Onigiri, also known as omusubi or rice ball, is a Japanese food made from white rice formed into triangular or oval shapes and often wrapped in nori – which is the seaweed used to make sushi rolls. Traditionally, onigiri are filled with all manner of ingredients you’ve probably never heard of. Sushi like stuff. Because of the popularity of onigiri in Japan, most convenience stores stock their onigiri with various fillings and flavors. There are even specialized shops whose only products are onigiri for take out. It is however, definitely not sushi. If you’d like some more info on onigiri you should hop over here. Chances are they’ve answered any questions you might have.
Given that we’d made a whole ton of sushi rice the other night, we used that. If you were making this for yourself the best bet would be to just fire up the rice cooker or follow the directions on the package of rice that you have. Medium grain rice, just like sushi rice, is the way to go. Basmati, Jasmine, long grain rice – all wrong. There’s not enough gluten and it won’t stick together.
All manner of sweet or sour ingredients get stuffed inside these rice balls. From salmon to pickled plum, tuna, salmon, salted roe, and just about anything else. It’s fairly versatile. We decided that Teriyaki chicken might be a neat thing to try.
Dutifully I got the rice cooker out and I went through the same basic steps for cooking the rice that I did for the beginning of my sushi rice recipe. I’m not sure what you’d do with a pan. I’d be lost cooking rice in a pan, to be honest. Our cheap little $15 rice cooker makes better rice than it ought to and it’s far better rice than I’ve ever produced otherwise. This particular recipe/cooker combo calls for about 3 cups of water to 2 cups of rice. Fill the rice cooker, turn it on, cover, and walk away.
While your rice is doing its thing, you can delve into the chicken. There’s no mystery or excitement about my chicken process. I bought a nice package of free range organic chicken. The kind that produces rainbows, makes mother nature smile, and makes unicorns sing. Perhaps not but at least it’s mildly responsible stuff.
My Teriyaki solution is to use Kikkoman brand Teriyaki Marinade & Sauce. It’s wildly easy, comes in a bottle, and hey – it’s Kikkoman. They know a bit about Asian cuisine. To work nicely inside a rice ball the chicken has to be cut fairly small; let’s say about 1/4 of inch sized cubes. Don’t get out a ruler, but just be in the general vicinity of small chunks and you’re on the right path.
I seared (or sautéed) these for about 3 minutes in oil and then added 1/4 cup of the Teriyaki sauce and 2 teaspoons of Arrowroot (for purposes of thickening) until it reduced to a thick glaze. You needn’t use the Arrowroot, I’m wise to the fact that it’s not a common spice rack item. It’s great stuff but you don’t have to run out and get it. Flour or a little cornstarch will accomplish the same thing with similar results. Simple and easy, once the chicken is cooked and has a nice glaze on it, remove from heat and start assembly.
The easiest way I’ve figured out how to make rice balls is to use a small bowl. The ones that I make are roundish and an inch and half to two inches in diameter. Not huge but not little tiny things either. I line a small bowl with good quality plastic wrap. We have some freezer wrap that is the same stuff that restaurants use – it’s a giant roll and has the slider-cutting-thingy on the edge. Fantastic stuff. You need use the same stuff. Just don’t use something that will stick to itself, is too thin, or will annoy you on short order.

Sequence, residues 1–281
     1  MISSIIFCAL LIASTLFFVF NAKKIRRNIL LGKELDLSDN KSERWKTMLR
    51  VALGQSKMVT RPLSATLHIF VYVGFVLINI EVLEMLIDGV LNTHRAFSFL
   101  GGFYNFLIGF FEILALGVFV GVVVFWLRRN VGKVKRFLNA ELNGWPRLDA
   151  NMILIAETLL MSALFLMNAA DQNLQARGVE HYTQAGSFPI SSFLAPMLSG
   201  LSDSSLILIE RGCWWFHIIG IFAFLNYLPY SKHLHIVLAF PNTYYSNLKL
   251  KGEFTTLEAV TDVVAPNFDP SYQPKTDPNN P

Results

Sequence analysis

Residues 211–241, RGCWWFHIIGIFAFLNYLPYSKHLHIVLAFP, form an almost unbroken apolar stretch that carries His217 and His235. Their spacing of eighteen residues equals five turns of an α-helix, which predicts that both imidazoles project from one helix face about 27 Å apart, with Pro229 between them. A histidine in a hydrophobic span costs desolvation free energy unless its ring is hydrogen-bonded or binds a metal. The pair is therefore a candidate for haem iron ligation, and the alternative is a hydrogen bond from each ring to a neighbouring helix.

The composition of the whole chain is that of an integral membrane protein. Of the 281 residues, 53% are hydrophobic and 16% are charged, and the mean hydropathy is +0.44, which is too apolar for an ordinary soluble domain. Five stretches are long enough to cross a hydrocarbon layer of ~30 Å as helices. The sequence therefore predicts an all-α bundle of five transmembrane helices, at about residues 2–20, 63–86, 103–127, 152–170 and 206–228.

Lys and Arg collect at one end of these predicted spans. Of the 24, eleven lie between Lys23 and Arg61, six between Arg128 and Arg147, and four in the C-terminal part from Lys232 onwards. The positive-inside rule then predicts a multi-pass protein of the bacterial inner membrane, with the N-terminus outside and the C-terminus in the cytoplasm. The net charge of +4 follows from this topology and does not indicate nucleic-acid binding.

Lightly wet the plastic wrap then lightly salt it. Sprinkle in rice until full. Place the filling – in this case the chicken Teriyaki you just slaved hours over, then push the filling into the center of the rice mass. Draw up the plastic wrap around the ball, wrap it closed and twist it tight. Squeeze and shape as you see fit. Traditionally onigiri are triangular. Most I’ve ever seen are round or something close to that effect. You can safely shape it however you like without fear of angering a Japanese food God.
We had some Nori – Japanese seaweed – which we used to wrap little band around the outside. Aside from helping to keep the whole mass together it also looks nice – like a samurai rice ball. HIYA!! We also happened to have some toasted sesame seed type thing that comes in a bottle that might as well be Pikachu or some other ridiculous but cute non-animal. I happily forked over a few dollars for this because it was cute rather than any specific need for toasted sesame with seaweed. Makes a tasty onigiri though.
You don’t need a ton of rice or chicken to make a decent meal out of this. The same 2 cups of uncooked rice that we made for sushi will leave you a bit left over. We bought a bit under a pound of chicken. Altogether this netted about a dozen cute onigiri and a bit of left over rice and chicken for random grazing.
Depending on what you put inside and how much salt you use, onigiri will keep in the fridge for up to a few days. I wouldn’t stretch it too far, especially with fish. I wrap any leftovers individually in plastic wrap and just keep them in a bowl in the fridge. These make for really great snacks any time of the day – and they’re surprisingly filling. Equally good at breakfast or after a night of imbibing spirits. Yum!
For about a doze onigiri – which is a decent amount for two people with leftovers, unless you’re starving or have a huge appetite, you’ll need:
- 2 Cups of Uncooked Medium Grain Rice
- Enough Water to Cook Your Chose Rice
- About a Pound of Chicken
- 1/4 Cup of Teriyaki Sauce
- 2 Teaspoons of Arrowroot – (Or Flour Alternately)
- Water for Sprinkling Plastic
- Salt for Sprinkling Plastic
- Nori for Wrapping Onigiri (Optional)
- Toasted Sesame Seeds (Optional)